“Our motto is ‘jazz without patriarchy,’ and that’s what we’re trying to envision,” Carrington says of the Institute of Jazz and Gender Justice. “We don’t have it yet, but it is definitely going in the right direction. We are trying to shift the narratives and set new standards so that we can transform a culture. It is collective work [on] so many fronts with so many people who understand the bigger point – which is that music has not and will not reach its full potential until there is justice in the people who create it.”

As a uniquely American art form, jazz’s history reflects the nation’s innovation and complexity. Before movies and television, public entertainment centered around the theater, and songs from musicals often became popular songs of the time. Black musicians would improvise a swing rhythm over the songs made popular by the likes of Irving Berlin, Cole Porter and George Gershwin to play for their audience.

“Now the fact that women weren’t included very much is because they weren’t writing the music of the time – and if they did, it was more to write the lyrics,” says Carrington.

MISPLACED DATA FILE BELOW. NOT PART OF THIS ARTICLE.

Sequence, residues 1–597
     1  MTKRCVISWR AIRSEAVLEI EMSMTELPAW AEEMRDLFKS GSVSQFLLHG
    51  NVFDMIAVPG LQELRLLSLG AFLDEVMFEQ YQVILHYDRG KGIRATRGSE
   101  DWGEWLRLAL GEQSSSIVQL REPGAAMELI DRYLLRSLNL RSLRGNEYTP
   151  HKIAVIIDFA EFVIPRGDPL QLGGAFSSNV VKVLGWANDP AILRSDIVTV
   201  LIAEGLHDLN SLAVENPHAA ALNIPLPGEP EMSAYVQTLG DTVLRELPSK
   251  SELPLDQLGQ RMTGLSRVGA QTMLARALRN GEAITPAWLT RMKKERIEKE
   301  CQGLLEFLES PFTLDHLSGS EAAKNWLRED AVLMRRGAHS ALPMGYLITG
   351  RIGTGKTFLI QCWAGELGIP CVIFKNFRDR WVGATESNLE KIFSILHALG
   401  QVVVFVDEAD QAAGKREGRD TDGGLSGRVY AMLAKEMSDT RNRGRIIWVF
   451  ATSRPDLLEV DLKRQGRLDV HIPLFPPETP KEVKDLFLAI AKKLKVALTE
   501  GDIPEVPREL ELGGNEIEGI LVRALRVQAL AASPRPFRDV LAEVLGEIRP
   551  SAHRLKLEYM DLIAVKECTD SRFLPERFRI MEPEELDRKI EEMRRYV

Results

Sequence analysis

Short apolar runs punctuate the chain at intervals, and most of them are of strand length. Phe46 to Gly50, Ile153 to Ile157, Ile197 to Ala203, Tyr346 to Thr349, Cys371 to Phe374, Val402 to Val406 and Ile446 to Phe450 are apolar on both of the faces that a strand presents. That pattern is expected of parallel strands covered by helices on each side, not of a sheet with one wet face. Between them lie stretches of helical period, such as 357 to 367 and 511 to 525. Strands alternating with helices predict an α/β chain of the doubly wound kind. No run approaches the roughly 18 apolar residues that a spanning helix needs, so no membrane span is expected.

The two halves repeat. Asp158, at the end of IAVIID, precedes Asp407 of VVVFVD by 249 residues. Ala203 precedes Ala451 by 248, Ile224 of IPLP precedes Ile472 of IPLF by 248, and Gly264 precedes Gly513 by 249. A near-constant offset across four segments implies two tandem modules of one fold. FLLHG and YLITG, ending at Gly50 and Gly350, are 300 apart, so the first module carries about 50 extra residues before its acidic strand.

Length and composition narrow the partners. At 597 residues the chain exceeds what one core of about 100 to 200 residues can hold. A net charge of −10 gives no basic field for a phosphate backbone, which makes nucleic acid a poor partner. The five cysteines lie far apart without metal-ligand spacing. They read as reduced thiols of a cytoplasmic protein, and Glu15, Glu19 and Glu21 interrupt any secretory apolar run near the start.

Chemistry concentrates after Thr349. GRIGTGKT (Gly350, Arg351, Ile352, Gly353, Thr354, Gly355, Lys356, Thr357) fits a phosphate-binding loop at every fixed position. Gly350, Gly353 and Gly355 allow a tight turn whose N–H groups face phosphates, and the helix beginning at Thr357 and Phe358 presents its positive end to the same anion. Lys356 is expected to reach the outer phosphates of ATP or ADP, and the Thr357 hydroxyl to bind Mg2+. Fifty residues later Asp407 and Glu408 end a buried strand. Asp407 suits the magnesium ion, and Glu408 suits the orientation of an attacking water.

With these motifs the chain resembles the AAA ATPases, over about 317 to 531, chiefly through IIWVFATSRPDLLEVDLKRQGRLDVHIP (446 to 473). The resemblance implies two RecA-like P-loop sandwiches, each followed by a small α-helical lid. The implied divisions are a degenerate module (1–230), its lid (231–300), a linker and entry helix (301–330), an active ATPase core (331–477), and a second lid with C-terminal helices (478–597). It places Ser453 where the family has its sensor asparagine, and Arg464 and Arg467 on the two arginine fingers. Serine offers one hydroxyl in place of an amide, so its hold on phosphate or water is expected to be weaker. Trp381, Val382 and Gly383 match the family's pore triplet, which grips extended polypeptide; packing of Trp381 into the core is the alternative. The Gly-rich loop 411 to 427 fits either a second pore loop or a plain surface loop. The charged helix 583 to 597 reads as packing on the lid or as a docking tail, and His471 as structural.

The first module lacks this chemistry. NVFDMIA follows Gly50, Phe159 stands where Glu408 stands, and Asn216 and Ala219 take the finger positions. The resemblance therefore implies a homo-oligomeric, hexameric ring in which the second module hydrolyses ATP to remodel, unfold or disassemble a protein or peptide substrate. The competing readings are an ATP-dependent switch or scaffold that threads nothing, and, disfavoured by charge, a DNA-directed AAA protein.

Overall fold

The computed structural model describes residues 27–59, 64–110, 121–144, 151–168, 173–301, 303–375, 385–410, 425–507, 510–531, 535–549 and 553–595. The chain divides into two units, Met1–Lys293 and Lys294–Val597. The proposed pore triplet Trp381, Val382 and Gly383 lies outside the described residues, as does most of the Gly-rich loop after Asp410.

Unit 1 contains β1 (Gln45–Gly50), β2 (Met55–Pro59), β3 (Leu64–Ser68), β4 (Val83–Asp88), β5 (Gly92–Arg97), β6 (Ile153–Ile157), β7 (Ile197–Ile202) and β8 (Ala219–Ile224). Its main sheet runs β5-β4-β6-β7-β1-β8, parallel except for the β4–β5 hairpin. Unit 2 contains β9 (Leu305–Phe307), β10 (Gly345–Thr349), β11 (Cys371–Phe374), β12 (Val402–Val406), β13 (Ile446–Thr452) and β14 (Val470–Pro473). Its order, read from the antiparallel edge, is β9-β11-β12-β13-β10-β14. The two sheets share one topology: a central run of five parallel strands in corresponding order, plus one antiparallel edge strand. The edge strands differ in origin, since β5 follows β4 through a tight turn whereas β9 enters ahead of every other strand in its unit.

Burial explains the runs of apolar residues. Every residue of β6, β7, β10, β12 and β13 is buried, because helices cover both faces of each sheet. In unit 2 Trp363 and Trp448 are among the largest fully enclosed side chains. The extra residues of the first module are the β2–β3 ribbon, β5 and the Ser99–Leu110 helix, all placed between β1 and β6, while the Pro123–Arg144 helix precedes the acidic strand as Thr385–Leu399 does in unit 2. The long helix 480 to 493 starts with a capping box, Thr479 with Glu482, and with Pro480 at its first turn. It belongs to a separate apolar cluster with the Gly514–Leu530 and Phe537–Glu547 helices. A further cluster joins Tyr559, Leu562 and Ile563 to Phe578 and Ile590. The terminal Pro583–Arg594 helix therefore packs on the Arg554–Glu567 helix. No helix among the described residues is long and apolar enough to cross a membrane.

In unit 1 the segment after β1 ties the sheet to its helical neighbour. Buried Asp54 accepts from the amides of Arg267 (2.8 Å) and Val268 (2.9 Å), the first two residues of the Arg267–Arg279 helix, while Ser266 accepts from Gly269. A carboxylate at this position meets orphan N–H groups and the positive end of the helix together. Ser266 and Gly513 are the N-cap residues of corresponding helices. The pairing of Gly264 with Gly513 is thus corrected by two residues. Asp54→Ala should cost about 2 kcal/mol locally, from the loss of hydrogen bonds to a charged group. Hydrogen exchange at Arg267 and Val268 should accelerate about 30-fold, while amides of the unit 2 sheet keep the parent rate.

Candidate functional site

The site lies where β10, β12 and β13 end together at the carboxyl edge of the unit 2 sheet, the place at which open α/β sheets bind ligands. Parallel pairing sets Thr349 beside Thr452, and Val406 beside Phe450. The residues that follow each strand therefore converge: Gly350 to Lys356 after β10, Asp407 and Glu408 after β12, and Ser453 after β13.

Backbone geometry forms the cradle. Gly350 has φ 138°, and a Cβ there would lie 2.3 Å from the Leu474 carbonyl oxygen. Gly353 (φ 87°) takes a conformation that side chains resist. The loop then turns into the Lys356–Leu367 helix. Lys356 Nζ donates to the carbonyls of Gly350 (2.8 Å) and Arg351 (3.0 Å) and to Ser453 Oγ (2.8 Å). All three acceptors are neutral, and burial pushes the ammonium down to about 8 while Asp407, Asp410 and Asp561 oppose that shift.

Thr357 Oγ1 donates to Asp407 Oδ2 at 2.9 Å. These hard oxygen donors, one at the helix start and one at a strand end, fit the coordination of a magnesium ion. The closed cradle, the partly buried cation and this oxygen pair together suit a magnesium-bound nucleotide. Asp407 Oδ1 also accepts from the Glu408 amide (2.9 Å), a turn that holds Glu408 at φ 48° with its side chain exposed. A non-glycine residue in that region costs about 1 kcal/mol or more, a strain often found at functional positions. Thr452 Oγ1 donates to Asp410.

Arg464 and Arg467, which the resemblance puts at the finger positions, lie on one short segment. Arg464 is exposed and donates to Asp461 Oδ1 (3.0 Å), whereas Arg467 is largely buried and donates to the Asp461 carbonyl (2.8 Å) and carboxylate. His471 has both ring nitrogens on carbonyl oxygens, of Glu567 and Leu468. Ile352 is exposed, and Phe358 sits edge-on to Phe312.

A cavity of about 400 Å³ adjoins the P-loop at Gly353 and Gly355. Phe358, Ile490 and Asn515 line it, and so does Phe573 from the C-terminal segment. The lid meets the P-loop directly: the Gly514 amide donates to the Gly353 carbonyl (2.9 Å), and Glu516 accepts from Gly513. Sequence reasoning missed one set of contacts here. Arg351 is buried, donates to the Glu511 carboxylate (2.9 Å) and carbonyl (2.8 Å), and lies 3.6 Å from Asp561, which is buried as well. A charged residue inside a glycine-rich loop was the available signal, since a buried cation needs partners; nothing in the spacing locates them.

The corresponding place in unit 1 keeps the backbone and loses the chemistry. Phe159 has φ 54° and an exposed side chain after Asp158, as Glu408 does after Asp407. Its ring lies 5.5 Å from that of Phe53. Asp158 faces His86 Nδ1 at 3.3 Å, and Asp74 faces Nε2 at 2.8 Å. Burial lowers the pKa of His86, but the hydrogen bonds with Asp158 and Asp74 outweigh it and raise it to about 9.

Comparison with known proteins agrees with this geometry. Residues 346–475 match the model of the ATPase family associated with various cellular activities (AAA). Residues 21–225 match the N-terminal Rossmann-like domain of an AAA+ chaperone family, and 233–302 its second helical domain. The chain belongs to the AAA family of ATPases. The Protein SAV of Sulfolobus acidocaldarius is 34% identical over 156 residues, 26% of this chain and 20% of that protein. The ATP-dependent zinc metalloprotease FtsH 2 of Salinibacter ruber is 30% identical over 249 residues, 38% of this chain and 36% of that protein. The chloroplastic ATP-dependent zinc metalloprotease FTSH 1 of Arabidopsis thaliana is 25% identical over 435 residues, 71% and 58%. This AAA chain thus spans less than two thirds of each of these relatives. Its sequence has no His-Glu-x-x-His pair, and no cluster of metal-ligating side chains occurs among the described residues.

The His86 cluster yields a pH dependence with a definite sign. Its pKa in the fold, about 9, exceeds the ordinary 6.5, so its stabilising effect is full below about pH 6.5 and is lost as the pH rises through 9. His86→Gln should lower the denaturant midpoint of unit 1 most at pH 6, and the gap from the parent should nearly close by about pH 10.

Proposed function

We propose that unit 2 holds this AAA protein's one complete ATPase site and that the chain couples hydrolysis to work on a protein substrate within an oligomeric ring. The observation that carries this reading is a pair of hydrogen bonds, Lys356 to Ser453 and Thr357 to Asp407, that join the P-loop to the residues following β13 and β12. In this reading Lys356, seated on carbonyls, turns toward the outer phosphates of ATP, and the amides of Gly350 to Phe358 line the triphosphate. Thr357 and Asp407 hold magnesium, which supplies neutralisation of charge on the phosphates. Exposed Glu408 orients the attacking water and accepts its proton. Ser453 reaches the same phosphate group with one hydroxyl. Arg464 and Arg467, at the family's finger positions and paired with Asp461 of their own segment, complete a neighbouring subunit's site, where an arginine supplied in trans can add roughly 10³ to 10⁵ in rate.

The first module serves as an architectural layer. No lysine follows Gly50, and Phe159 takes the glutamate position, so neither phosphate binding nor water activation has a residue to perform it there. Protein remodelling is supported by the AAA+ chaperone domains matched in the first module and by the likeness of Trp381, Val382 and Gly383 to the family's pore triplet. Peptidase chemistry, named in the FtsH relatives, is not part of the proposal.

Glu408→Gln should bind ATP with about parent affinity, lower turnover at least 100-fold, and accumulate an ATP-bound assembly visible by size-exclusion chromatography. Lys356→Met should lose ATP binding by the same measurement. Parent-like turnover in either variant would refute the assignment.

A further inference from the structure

There were rare exceptions. A trained pianist, Hardin played in King Oliver’s Creole Jazz Band as a young trumpeter, Louis Armstrong, joined the band. She encouraged Armstrong to go out on his own, and they would eventually marry. She wrote many of his songs and also played in both his Hot 5 and Hot 7 bands. However, Lil Hardin Armstrong was not credited for her contributions in the liner notes of his work, which referred to her as a ghostwriter. Her 1922 composition “Perdido Street Blues” is the oldest song in the New Standards collection, which includes compositions as recent as 2021.